I lived in Manila for 12 years and I can definitely say that everything in the video is true. The traffic is horrendous and the pollution is so unbearable that schools teach students to always bring a handkerchief with them when traveling (to cover their noses). To compound the environmental travesty is the fact that the city's population density continues to skyrocket. Over the years, this has been attributed to the migration of provincial folks to the city, but more recently it's apparent that the Catholic church's campaign against family planning--which is what the city desperately requires to mitigate population explosions--continues to undermine the government's efforts to curb the population. Hence, the image of Manila as a city that seems to be in a slow decay environmentally, economically and socially. Still, it must be argued that the city manages to emanate a pulse that is undeniably city-like; it is Manila's own cry of defiance against decline.
Witness the deep contrasts that shade this city.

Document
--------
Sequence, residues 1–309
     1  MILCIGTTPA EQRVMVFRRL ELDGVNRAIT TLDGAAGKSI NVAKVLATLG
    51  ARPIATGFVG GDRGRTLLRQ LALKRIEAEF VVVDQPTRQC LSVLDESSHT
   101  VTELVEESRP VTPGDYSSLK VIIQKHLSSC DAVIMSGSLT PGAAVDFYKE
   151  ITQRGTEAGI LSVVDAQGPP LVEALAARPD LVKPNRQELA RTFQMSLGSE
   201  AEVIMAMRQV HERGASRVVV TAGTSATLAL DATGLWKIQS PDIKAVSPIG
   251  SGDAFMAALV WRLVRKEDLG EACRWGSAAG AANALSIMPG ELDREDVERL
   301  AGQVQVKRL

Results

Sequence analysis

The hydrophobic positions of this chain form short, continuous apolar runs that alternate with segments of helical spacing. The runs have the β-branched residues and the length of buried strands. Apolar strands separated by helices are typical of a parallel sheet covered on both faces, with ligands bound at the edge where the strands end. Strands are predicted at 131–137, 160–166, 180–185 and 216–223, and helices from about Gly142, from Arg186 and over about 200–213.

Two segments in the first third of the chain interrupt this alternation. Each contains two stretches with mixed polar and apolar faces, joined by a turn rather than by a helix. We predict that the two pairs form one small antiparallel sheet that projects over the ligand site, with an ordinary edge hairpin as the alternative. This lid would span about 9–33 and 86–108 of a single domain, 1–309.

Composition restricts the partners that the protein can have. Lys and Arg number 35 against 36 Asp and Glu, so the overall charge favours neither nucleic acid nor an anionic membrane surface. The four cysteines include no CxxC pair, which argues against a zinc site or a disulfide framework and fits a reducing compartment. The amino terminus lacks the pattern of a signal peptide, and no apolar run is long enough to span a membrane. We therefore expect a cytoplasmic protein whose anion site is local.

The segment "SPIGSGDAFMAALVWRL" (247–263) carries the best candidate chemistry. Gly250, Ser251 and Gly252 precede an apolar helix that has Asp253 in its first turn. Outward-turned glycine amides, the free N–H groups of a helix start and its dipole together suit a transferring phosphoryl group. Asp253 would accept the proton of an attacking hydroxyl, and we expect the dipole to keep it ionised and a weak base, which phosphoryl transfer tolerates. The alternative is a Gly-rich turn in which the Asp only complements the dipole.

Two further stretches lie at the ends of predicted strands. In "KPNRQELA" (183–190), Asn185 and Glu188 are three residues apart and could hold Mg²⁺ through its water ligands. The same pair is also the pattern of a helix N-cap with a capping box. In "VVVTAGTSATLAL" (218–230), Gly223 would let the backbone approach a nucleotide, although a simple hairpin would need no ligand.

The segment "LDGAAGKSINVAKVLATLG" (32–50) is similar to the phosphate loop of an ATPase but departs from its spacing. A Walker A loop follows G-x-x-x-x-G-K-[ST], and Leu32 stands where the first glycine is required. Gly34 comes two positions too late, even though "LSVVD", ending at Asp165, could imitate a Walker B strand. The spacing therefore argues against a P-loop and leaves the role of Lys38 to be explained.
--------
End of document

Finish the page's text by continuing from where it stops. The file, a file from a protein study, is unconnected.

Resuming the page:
Watch the documentary to witness the deep contrasts that shade this city I once called home. Indeed, it is dynamic but its progress is paced unevenly: it's as if one foot is going backward while the other is moving forward. This observation won't take long to take notice as you look on the streets. Calesas or horse-driven carriages run along modern automobiles. Mega malls that tempt you to splurge dot the city whilst the majority of residents lives in destitution. Pious Catholics visit their shrines of worship and later swear their heads off at the slightest offense. These are just tidbits of the greater intricacies the sprawling city has to offer. To really delve into the whole Manila experience, it's recommended to visit and make your own judgment. Though, it is common knowledge that a lot of foreigners scoff at Manila for the very same reasons that I listed. For them, it's a mere pit stop to their true destination, the provinces.
Video from youtube.com